Two Giants of the Gilded Age

Article excerpt


Philip McFarland's book Mark Twain and the Colonel is a hybrid biography of two of the most colorful figures of their era and a fascinating look at America at the beginning of the 20th century.

Both Twain (Samuel Clemens, 1835-1910) and Teddy (Theodore Roosevelt, 1859-1919) shared common characteristics. They wrote books, loved the limelight and were masters of self-promotion - well adept at firing off quotable phrases. Both possessed a curious boyish quality. Yet their temperaments and outlook on life were quite different, with Twain becoming highly critical of President Roosevelt. Roosevelt represented the new, vibrant century, advocating in his essays a strenuous life for an America emerging as a global power, while Twain in his notebooks reflected, The twentieth century is a stranger to me.

The United States changed rapidly upon arrival of the new century - from a rural country into an urban nation. Enormous fortunes were made by names still synonymous with money - Rockefeller, Carnegie, Vanderbilt and J.P. Morgan. Twain gave the era the definitive title, the Gilded Age. Burgeoning wealth was matched by increasing immigration: Between 1860 and 1900, the population soared from 36 million to 76 million. Many immigrants sought work in industry as trade unions rose to battle corporations. A capitalist economy organized on a purely secular basis replaced an older America more in touch with the social and spiritual needs of men and women.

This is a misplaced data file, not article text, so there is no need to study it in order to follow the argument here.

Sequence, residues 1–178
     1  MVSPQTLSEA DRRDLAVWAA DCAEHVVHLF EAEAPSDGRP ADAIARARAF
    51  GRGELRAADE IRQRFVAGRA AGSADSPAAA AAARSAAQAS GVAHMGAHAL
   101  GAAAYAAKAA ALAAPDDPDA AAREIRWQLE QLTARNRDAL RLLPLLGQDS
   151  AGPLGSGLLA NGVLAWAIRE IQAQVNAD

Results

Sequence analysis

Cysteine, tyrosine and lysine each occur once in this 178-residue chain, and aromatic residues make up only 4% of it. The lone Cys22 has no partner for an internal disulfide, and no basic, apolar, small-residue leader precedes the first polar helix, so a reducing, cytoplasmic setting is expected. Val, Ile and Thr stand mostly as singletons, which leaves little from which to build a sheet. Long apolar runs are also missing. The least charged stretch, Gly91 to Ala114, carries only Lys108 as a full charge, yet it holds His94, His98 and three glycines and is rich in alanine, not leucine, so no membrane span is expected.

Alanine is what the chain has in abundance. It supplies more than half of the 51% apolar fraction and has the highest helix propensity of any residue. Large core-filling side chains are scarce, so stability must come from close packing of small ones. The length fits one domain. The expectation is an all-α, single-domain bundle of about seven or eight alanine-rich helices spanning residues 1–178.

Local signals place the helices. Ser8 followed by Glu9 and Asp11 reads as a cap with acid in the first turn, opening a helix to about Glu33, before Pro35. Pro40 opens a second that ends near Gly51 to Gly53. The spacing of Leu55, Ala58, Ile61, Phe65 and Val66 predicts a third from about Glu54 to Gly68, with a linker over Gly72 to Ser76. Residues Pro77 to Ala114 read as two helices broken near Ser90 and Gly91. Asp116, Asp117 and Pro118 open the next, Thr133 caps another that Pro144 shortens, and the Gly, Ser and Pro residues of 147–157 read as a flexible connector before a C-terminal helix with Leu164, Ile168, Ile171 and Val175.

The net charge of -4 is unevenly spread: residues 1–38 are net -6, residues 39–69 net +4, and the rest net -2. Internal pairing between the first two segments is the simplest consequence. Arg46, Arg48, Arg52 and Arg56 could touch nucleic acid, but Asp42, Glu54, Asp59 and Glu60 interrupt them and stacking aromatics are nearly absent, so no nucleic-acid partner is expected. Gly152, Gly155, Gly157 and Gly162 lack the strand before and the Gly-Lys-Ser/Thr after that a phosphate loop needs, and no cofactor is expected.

Henry James, disgusted with America's emphasis on having instead of being, left for England. Twain stayed home, reveling in its money-making potential. Says Mr. McFarland: [S]atirist of the Gilded Age, he was an avid speculator who relished his friendships with the captains of American industry and grumbled when President Roosevelt hectored them.

A printer-newspaperman turned successful author, Twain purchased Webster and Co., a publishing firm that in 1885 published two enormous best-sellers - his Adventures of Huckleberry Finn and the now sadly neglected classic Grant's Memoirs - earning Gen. Ulysses Grant, dying of throat cancer, more than $400,000 for his family. However, the firm went bankrupt in 1894. Twain landed further into insolvency, investing in a newfangled typesetter machine. To extinguish his debt, Twain left America in 1885 with his family on a five-year worldwide lecture tour.

Twain reminds one of Benjamin Franklin, another printer-turned-writer also known by a pseudonym (Poor Richard). Intrigued by new inventions, both men were materialists who enjoyed being wittily irreverent. …